in Communication, Leadership, Leading the Self, Team Building

Leaders Cannot Be Blamers: 3 Things

The true test of a leader is when things don’t go as planned. Worst yet, when things fail.

In an organizational context, I have seen so many leaders who drive the project/initiative right from the beginning – yet when the project fails, they blame others. They blame senior management, the organization culture, their own team members and sometimes even the customers. It tells me something – if you decide that you want to blame “others”, you will invariably find those “others”. That is an easy choice, and the one that puts everyone down.

When leaders indulge into the blame game, they lose respect because they throw a negative vibe around. This vibe is powerful (and sometimes even viral), because it comes from someone who is supposed to be a leader. It spreads fast, harms reputation of leader and culture of the organization on a longer run.

If you are a leader at any level, here are three things worth noting:

  • Blaming is easy but taking responsibility, learning from mistakes and implementing those lessons to improve constantly is difficult. It is these difficult things that makes a real leader. Similarly, for an organization, building a culture where people are not afraid of taking responsibility is critical.
  • Leaders need to watch and choose their words. Every conversation with others is an opportunity to make a difference. When you talk negative, focus too much on problems and blame others, you are missing the opportunity.
  • Leadership is about using “we” language more than “I versus them”, and that kind of leadership owns the failures as much as they own their successes. It is about celebrating the contributions from each team member when team succeeds, and take collective ownership of failures, learn from them and improve. It is also about knowing when to step up and take the lead, versus when to step down and let people perform.

Bottom line:

Leadership is not just about enjoying the fruits of success. It comes with a fair share of failures as well. We cannot be the leaders who blame others.

Join in the conversation:

Have you seen leaders who constantly blame others? How should an organization deal with such leaders?

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Also read:

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Have a great start into the week!


  1. I am always puzzled when something is not working as it should, I hear people’s questions probe more to see who to blame rather than find a way to fix what is not working! The instinct is uncanny. Great post Tanmay.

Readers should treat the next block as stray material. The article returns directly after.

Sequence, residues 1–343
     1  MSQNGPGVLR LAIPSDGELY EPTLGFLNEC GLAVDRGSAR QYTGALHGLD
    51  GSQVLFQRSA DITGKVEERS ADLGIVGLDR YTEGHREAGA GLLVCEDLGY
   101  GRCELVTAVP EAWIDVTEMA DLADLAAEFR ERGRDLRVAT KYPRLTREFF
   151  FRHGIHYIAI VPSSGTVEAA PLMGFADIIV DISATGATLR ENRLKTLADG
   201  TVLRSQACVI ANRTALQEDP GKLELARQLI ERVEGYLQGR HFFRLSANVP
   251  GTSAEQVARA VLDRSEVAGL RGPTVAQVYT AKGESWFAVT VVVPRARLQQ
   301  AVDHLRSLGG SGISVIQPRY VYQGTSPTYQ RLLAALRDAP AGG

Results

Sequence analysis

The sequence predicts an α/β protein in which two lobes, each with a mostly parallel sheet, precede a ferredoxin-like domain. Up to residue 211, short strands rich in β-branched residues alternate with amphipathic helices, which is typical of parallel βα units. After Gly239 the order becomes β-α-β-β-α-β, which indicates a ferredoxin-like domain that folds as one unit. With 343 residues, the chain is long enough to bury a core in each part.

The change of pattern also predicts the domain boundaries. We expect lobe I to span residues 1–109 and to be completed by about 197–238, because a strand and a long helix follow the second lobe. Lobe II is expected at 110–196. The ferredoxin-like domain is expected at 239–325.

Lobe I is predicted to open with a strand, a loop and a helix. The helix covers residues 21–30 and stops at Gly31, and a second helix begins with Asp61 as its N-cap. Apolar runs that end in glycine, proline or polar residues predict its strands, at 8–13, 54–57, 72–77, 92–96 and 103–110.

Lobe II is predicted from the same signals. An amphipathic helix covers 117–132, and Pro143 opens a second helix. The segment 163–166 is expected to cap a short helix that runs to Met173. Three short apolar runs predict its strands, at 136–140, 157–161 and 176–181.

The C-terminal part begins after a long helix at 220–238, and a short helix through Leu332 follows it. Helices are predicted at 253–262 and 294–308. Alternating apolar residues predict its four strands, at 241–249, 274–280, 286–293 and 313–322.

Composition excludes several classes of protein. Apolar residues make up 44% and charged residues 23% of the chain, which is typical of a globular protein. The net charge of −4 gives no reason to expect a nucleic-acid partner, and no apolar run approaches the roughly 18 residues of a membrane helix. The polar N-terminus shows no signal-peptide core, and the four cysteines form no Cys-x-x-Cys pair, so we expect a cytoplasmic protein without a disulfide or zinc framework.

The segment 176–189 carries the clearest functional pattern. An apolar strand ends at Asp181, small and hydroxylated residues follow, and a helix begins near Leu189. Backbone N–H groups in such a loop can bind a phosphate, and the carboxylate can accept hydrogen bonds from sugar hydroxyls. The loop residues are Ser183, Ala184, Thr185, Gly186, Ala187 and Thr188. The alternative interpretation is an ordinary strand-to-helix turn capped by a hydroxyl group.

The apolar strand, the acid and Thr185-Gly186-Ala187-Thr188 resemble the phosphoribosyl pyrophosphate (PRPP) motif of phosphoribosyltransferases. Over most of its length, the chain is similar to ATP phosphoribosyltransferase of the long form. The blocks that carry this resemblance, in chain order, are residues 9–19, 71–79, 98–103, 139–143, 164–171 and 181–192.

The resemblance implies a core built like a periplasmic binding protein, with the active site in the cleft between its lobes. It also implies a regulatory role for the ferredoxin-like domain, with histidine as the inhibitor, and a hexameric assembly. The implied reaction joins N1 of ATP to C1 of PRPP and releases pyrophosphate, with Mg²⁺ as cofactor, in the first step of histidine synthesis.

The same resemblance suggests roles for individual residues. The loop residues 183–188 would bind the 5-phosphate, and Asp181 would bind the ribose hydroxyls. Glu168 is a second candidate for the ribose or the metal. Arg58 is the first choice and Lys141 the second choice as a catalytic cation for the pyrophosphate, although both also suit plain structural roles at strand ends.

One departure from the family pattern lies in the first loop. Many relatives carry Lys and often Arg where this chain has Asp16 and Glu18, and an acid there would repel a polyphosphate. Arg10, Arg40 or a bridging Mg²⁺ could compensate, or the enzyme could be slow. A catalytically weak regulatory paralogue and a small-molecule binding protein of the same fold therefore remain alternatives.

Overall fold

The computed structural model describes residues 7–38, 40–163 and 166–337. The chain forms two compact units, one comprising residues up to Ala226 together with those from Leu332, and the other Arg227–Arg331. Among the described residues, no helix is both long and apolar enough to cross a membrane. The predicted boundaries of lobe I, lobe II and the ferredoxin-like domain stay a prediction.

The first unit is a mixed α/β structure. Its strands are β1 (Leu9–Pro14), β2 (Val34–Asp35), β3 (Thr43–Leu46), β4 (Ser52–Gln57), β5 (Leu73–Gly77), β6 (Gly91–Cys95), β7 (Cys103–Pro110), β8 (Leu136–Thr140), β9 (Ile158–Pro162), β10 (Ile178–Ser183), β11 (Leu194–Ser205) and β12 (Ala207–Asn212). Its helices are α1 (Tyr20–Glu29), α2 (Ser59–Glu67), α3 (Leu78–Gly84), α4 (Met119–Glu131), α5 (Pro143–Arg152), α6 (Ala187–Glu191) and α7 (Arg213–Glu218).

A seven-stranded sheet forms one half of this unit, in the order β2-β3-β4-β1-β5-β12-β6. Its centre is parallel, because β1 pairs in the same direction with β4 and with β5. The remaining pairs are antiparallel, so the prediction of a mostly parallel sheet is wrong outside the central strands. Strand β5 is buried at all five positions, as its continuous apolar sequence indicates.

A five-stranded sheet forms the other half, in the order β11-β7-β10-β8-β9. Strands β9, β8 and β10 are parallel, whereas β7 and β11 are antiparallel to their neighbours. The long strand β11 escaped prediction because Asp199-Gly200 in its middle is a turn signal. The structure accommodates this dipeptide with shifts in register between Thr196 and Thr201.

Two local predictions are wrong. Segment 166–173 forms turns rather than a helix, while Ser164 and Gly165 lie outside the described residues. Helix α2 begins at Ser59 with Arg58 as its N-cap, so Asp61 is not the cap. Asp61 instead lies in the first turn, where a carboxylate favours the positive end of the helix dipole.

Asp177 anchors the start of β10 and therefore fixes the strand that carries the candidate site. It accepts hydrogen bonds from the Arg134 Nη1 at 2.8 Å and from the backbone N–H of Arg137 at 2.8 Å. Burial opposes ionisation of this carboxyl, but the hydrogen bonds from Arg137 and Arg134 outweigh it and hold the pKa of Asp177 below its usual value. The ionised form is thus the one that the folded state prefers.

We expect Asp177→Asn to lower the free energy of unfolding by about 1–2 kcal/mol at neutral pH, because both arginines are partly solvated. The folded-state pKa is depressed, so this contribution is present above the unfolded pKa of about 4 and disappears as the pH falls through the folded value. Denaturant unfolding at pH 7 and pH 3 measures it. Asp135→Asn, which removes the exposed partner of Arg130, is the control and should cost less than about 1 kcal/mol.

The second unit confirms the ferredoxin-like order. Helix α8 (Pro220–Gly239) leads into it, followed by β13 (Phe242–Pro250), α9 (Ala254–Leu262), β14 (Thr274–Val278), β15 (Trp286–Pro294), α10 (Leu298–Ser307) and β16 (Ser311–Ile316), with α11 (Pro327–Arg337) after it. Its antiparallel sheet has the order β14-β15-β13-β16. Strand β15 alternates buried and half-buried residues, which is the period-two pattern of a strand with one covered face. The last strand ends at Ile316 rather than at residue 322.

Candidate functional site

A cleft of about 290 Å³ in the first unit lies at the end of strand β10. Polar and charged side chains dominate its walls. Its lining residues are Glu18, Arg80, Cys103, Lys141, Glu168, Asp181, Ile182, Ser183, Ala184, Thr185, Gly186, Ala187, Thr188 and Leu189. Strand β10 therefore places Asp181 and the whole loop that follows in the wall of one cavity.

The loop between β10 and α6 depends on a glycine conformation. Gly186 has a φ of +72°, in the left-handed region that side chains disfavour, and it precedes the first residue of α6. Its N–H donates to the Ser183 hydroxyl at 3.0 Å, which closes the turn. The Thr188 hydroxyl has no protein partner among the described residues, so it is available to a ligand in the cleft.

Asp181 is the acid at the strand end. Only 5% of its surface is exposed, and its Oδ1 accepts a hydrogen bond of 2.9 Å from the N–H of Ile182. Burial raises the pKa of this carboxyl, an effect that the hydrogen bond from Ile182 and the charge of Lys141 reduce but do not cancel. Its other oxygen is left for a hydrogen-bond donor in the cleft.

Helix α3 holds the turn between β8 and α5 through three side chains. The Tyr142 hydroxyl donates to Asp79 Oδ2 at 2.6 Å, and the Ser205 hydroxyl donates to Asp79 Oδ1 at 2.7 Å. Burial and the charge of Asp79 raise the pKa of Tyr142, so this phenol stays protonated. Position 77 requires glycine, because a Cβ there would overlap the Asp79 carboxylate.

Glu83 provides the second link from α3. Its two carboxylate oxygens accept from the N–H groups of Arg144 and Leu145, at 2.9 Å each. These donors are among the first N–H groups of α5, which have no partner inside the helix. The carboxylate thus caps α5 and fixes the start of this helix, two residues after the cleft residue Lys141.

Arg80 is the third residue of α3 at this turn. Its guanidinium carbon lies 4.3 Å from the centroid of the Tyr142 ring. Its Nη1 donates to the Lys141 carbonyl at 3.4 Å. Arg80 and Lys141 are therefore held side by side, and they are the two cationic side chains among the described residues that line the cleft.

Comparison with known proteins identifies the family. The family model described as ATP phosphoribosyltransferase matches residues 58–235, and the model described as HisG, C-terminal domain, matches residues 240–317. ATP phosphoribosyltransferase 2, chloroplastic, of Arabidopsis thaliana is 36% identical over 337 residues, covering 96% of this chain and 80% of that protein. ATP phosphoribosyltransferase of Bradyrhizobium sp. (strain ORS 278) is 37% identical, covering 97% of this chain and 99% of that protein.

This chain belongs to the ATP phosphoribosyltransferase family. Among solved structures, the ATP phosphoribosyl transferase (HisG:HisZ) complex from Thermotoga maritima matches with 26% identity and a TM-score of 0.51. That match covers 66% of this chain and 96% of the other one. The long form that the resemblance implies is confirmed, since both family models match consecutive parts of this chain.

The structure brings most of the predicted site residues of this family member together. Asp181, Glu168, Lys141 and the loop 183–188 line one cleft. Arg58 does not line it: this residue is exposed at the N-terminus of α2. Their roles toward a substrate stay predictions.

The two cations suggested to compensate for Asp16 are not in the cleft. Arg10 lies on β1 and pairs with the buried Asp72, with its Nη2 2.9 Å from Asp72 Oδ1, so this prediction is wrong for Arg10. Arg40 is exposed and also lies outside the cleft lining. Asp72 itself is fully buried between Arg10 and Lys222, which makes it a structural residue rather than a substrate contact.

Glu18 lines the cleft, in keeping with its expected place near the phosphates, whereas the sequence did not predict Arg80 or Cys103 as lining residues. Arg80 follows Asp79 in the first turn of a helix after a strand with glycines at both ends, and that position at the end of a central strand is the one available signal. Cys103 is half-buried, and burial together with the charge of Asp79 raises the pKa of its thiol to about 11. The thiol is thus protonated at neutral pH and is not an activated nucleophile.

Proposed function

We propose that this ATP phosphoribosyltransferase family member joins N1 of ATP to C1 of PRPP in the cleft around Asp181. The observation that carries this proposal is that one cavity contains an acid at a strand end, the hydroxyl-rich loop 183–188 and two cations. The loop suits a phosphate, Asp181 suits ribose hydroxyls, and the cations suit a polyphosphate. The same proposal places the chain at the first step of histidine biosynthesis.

• @Thabo – Your support to this blog is totally appreciated. Thanks for the comment.
      I feel that blaming someone is an intrinsic human behavior, which is why a lot of people do it without realizing the impact of their words/actions on others. There are ways to share positive/negative feedback with people, but outright blaming just kills the team spirit.


  2. Superb post, great thoughts Tanmay!! I have experienced that if you start saying “We as a team have failed”, rather than pointing fingers, very soon you can visualize the team spirit coming up.

    • @Vipul – Thanks for the comment and glad you liked the thoughts. Finger pointing is easy, which is why a lot of people have a natural tendency to blame. Failures are important learning opportunities – if leaders at all levels understand the importance of finding root cause, rather than someone to blame.


  3. I feel leaders who blame other for failures either does not sustain in good organization or they end up creating blaming culture in the organization. The second is more common unless the organization is lead by very strong leadership. I wish organizations have checks in place to detect such leaders and fix them.

    • @Saket – You are spot on. If the top leadership is committed to build the right culture, they would not tolerate blaming leaders. If they do, they end up creating a culture where people can escape away from their failures by blaming everything else (except themselves).


  4. Tanmay, very well said! In our sessions with management teams, we often discuss what we call the “13 fatal errors managers make”. Number one in that list is failure to accept personal accountability. Managers who don’t accept personal accountability encourage the same amongst their people. Soon enough you have an atmosphere atmosphere of self-defeatism and finger pointing.

    • @Andy – That is so true. Being accountable and not blaming others start from the top management in an organization, and people take cues from how top leaders behave. Organization’s top stakeholders have a choice of encouraging, tolerating or curbing the blamers – and that choice plays an important role in building a culture.

      Thanks for the comment and glad you liked the post! 🙂


  5. like one DOHA of kabir

    • @Devang – Brilliant! Thanks for sharing that insight, which goes well with the theme of the post!

Comments are closed.


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